Nabe Struggles to Keep Afloat

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Potrero Hill Neighborhood House’s executive director, Edward Hatter, lies awake at night worrying about what would happen should the facility close its doors.  “It scares the hell out of me,” he said in an interview with the View, adding that it would be “devastating.”

The Nabe, as it is known, located at 953 De Haro Street, hosts afterschool programs for middle and high schoolers from 3 p.m. to 6 p.m. Monday through Thursday, a summer camp, counseling and anger management education for youth, and senior programs. It also provides meeting space for various 12-step groups and community organizations, such as the Potrero Hill Democratic Club and Potrero Boosters. Live Oak School uses the facility for their basketball program. Amenities at the Nabe include a theater, computer lab, art room, multipurpose space, classroom, two kitchens, a children’s playground, and a gym.

The Nabe had to close its youth substance abuse program three years ago because the population it served dwindled.  The program had served 48 youth not served in any other program, with funds provided by the Department of Public Health.   “Youth programming is way, way down,” Hatter said. “I can remember 10 years ago, 400 youth used to come in for the summer camp, and now we’re doing less than 150 to 175.”

As a result of funding cuts, over the past several years the Nabe has encountered a series of budget challenges, which led the nonprofit to sell a parcel of land it owned across the street, and incur a tax lien. 

About 43 percent of the Nabe’s funding, or roughly $353,000, comes from the San Francisco Department of Children, Youth and Their Families.  These monies mostly pay for programs, with limited contributions to overhead expenses.  The rest of the Nabe’s funding is raised by “hook and crook,” according to Hatter.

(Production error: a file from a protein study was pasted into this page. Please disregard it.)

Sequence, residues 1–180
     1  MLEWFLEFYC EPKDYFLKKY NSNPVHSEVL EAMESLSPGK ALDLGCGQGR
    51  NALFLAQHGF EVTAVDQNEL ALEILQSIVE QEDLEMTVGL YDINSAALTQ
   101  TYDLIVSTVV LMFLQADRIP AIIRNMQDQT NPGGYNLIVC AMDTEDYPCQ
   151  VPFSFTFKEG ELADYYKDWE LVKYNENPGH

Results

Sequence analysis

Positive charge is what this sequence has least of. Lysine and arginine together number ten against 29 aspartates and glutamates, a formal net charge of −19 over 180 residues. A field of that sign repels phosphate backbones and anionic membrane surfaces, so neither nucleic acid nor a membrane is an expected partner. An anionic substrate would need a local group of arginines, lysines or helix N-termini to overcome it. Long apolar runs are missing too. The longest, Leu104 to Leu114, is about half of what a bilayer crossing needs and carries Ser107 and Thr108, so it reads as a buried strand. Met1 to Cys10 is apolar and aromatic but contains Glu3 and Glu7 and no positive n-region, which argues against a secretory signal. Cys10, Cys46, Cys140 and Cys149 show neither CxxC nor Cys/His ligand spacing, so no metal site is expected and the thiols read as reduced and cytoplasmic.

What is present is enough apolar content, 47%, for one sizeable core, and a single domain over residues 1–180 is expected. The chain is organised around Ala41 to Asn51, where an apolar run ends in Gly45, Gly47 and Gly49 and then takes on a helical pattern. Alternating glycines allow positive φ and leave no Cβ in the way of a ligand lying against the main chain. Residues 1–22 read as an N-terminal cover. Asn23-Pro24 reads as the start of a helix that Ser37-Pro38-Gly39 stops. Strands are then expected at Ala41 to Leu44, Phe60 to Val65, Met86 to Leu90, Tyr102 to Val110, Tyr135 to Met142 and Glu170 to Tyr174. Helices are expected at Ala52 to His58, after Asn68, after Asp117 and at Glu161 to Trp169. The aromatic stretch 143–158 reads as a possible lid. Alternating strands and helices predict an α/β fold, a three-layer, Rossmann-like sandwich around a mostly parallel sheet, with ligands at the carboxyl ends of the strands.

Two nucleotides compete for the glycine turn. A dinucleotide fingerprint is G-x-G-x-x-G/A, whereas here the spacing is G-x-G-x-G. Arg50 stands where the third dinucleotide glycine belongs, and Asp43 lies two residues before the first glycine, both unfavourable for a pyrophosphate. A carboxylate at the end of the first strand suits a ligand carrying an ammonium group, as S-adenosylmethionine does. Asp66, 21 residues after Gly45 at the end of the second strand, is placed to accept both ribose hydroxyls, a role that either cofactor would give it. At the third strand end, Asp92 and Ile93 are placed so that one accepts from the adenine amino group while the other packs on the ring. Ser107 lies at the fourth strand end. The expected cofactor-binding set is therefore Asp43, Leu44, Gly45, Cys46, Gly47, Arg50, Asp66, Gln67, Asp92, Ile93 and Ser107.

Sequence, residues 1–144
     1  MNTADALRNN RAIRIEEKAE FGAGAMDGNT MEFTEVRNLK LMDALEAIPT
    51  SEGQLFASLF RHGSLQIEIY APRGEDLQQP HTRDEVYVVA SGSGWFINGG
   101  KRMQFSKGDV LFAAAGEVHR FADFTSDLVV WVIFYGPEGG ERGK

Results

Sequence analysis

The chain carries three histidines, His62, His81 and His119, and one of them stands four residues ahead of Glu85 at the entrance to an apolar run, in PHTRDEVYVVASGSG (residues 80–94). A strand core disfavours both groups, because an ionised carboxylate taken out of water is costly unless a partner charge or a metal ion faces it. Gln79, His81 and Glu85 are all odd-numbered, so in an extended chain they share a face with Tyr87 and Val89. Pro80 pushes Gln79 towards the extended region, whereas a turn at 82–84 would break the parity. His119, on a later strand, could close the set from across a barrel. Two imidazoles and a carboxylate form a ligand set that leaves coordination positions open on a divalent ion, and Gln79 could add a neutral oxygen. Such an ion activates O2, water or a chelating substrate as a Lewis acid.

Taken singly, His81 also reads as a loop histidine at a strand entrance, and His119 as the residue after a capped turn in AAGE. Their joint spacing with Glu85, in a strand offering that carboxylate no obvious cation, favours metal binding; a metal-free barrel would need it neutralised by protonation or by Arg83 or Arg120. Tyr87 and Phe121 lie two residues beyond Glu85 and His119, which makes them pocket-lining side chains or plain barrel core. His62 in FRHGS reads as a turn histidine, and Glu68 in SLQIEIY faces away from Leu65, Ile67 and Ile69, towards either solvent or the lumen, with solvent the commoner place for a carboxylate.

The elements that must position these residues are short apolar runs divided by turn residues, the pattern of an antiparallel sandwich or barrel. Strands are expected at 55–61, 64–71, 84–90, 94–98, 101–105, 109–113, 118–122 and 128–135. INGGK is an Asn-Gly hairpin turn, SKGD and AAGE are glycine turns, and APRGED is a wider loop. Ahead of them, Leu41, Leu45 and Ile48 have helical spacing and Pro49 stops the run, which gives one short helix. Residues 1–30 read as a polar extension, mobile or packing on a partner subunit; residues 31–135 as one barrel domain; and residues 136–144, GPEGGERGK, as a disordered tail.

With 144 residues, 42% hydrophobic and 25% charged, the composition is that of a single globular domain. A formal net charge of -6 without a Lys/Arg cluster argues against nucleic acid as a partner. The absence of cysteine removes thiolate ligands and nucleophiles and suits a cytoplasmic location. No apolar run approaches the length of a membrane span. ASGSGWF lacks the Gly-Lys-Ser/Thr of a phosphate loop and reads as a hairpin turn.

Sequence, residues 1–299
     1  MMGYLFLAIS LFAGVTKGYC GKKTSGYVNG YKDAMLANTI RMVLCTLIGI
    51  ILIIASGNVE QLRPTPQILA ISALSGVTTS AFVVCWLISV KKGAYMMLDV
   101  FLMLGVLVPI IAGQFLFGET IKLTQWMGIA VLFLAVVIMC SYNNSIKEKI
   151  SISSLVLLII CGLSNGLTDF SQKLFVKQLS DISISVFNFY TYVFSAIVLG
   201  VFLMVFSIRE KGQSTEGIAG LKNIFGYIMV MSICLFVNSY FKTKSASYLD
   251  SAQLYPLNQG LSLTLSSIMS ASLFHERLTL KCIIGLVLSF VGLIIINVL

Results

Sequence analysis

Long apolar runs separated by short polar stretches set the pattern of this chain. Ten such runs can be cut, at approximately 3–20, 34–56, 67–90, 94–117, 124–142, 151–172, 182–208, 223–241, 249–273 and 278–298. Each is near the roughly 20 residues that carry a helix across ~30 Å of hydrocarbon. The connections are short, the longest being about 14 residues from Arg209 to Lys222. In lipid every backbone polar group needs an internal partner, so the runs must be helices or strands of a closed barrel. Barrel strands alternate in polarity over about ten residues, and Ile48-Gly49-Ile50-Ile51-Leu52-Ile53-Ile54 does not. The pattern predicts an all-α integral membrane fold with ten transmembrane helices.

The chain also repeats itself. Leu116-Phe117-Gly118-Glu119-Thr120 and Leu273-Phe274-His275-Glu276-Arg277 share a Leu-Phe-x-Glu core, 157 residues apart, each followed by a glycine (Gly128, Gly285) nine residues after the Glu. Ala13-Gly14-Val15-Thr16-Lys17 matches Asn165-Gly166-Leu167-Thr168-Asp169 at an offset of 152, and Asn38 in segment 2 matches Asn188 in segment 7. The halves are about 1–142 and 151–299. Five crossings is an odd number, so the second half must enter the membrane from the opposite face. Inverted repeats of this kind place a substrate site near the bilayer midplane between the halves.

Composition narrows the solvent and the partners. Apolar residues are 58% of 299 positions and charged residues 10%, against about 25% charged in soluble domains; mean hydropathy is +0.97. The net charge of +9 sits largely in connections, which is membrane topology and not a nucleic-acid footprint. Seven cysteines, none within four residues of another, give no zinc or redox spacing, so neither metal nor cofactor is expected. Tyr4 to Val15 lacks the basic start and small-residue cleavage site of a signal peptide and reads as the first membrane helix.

“I’m meeting with the [executive] board almost weekly,” Hatter said. “We have ideas on raising revenues, but at the moment, space rentals is all we have. The City won’t pay rent for programming. We have to raise money elsewhere, like our festival and through special events.”

Special events – weddings, bar/bat mitzvahs, and anniversary parties – help keep things afloat, bringing in $60,000 a year, according to Hatter.  Renting space at the Nabe is relatively inexpensive; it costs around $3,000 to secure the main room for a wedding; comparable spaces cost at least 25 percent more. Recently, the Nabe increased rents on its regular users, such as the Democratic Club, the first time room charges have risen in a dozen years.  The facility has applied for grants and is appealing to displaced community-based organizations who are looking for rental space.  Ultimately, the Nabe is “property rich and program poor,” said Hatter.   

Much of the population the Nabe historically served, especially the black community, has left the City.  While the Nabe’s clients have generally lived in Bayview and Potrero Hill, today youth come from as far away as Antioch and Pittsburgh for its summer in the City camp.

“Families are being moved out, but they work here in the City and still have to have childcare and activities,” Hatter said. 

Due to the distance parent’s travel, they needed child care programs to start earlier that what the Nabe was offering. This year, the number of daily kids requiring morning care doubled, from six to 12. Children are coming in at 8 a.m. when the program didn’t start until 10 a.m. “We were able to adjust staff scheduling so it wouldn’t hurt our budget, but that is something we had to do,” Hatter said. 

Another program that’s struggling is the senior adaptive and social development program, funded by Golden Gate Regional Center.  The Nabe used to serve 44 clients five years ago; it now caters to just 23.

Despite the headaches, Hatter, who makes an approximately $65,000 annual salary, is determined to keep the Nabe open. “If I have to put my own neck on the chopping block to keep it open, I’ll do it,” he said.

“I want View readers to know the Nabe is a safe, community-powered location that supports all members of the community. But it takes community to keep it alive and vibrant.”

Proceeds from the October 17 Potrero Hill Festival will be donated to the Nabe; a pancake breakfast will be held on November 14.